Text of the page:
So who is most likely to come out on top in the GIG BE race? DISA specifies that it may award one contract to multiple vendors, but that it could also award multiple contracts to a single vendor. The Agency states that it is not obligated to favor small businesses or startups, and many industry observers agree that systems integrators will most likely bag a lot of the contracts (see Hunting for Gold in Homeland Security).

While many of the companies on the list are being tight-lipped about their ambitions to land a contract, one equipment vendor has been outspoken about its aspirations of grabbing a piece of the pie. Discussing Corvis's earnings on a conference call last week, CEO David Huber said that the vendor expected to be able to compete for between $200 million and $400 million of the upcoming government RFPs (see Qwest Comes Through for Corvis). Corvis launched a separate subsidiary in October last year to address what it sees as growing opportunities in the government space. The company expects to report revenues from its first government contract this quarter (see Corvis Targets Feds).

“The government is looking to build an all optical mesh network,” Corvis's Backman says. “Corvis is the only company that has delivered that to date... What the government is asking for is Corvis’s sweet-spot.”

“I think that Corvis has a good shot,” says Merrill Lynch's Leopold. “but it’s not a slam-dunk.” He points out that while Corvis is a leader in the all-optical switching category, other players could emerge to challenge it. “It’s possible that Lucent Technologies Inc. [NYSE: LU] could pull the Lambda Router out of the mothballs."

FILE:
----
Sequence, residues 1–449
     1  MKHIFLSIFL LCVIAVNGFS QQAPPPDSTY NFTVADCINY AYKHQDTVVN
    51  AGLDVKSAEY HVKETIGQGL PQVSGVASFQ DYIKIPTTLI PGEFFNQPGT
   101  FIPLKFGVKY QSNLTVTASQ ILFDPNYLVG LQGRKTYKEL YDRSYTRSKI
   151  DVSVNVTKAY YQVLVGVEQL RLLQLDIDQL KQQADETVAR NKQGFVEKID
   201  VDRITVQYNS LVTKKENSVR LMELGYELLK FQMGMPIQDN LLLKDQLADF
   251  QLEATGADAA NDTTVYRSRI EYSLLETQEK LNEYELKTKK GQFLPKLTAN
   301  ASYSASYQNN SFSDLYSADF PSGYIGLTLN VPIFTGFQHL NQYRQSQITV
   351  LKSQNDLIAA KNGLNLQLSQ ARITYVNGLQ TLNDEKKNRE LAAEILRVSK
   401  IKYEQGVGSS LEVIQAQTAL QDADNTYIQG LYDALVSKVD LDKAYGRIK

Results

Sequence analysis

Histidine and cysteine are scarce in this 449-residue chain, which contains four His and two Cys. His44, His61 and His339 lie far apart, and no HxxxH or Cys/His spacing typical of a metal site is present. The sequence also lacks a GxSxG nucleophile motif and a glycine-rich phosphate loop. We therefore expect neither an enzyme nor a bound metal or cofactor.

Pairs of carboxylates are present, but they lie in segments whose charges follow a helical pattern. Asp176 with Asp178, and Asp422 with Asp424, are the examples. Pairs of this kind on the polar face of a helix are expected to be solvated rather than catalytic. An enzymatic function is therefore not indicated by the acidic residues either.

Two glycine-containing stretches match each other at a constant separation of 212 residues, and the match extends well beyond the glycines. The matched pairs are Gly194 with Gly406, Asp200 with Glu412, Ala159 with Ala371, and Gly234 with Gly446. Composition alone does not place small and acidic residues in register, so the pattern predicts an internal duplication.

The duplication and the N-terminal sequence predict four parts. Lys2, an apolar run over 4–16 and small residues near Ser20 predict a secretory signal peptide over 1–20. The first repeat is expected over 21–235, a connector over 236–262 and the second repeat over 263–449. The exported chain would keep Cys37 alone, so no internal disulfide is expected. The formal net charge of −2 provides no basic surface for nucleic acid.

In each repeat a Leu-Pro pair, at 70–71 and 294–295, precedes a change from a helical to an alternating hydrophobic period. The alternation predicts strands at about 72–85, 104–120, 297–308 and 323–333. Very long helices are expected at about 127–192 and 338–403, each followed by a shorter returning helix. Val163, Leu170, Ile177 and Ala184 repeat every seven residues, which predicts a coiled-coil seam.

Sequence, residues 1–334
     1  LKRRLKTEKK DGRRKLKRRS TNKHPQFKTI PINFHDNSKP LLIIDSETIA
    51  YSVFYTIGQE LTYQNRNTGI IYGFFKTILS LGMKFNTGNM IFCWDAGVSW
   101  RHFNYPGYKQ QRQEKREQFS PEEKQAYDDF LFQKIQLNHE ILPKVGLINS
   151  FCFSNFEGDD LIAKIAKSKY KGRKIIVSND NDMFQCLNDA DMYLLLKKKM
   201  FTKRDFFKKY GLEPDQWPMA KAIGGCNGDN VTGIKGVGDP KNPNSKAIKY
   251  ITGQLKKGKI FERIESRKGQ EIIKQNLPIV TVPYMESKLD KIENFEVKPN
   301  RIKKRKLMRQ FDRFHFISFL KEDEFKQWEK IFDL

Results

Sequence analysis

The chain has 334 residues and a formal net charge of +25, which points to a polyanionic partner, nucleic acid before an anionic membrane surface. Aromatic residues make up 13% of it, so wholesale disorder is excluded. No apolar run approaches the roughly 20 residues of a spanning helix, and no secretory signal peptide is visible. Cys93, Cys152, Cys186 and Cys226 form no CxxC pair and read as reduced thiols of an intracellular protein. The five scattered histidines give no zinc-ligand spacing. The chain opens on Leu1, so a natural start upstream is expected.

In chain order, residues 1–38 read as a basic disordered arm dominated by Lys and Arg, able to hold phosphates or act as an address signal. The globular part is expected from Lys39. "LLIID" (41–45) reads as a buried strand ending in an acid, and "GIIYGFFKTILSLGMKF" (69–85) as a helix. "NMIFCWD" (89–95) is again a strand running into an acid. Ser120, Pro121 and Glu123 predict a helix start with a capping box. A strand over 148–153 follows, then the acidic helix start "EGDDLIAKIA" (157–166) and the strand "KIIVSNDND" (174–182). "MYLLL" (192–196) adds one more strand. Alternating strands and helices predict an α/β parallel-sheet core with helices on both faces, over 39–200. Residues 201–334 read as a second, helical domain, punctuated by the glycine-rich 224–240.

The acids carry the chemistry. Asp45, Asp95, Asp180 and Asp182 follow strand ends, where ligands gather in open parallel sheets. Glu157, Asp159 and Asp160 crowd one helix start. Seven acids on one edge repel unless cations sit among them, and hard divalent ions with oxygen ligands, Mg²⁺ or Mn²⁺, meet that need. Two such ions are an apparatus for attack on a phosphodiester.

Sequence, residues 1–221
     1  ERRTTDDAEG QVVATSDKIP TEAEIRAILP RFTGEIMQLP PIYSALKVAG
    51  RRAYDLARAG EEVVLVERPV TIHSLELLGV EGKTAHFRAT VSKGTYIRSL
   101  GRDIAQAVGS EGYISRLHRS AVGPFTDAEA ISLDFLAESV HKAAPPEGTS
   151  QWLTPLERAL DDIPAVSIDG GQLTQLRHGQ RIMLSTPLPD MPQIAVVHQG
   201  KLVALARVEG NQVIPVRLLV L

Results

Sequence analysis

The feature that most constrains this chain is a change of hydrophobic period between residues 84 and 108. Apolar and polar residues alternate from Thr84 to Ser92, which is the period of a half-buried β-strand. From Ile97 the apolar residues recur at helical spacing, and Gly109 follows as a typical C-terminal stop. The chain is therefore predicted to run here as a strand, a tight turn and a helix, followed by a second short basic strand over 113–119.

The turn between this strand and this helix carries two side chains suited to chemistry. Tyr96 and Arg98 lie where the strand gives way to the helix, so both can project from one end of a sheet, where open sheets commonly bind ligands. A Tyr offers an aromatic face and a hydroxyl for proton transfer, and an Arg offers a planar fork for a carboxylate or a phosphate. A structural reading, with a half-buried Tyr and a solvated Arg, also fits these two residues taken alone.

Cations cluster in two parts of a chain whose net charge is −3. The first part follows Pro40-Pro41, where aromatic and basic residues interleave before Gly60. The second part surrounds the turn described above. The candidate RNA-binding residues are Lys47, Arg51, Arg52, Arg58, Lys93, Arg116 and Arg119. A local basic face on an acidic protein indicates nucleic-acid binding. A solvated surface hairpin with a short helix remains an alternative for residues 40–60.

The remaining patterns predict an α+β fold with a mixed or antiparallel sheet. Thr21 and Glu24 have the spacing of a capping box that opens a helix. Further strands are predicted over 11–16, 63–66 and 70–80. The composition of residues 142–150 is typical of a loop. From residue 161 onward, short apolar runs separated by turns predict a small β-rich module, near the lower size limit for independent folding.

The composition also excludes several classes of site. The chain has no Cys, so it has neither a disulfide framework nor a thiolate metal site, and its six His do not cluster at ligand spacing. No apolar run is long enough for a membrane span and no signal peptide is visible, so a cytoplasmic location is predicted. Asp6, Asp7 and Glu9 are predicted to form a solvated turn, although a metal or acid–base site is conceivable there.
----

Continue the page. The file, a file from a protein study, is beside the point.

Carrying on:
There are other RFPs in the works as well. Input is currently tracking seven DOD RFPs it expects to surface this year relating to telecommunications, according to Smith. He says he doesn’t know how much most of the contracts are worth but that Input expects a Navy contract for a joint tactical radio system to be worth about $720 million.

— Eugénie Larson, Reporter, Light Reading
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eyesright 12/5/2012 | 12:40:08 AM
re: Dreams of the DISA Deal Having worked on the DISN deal whilst at a carrier, I can tell you that the participants in this exercise better have patience, and team with a large carrier if they want to be successful.

They will also encounter an entirely new lexicon of terminology, the most important being the "change order".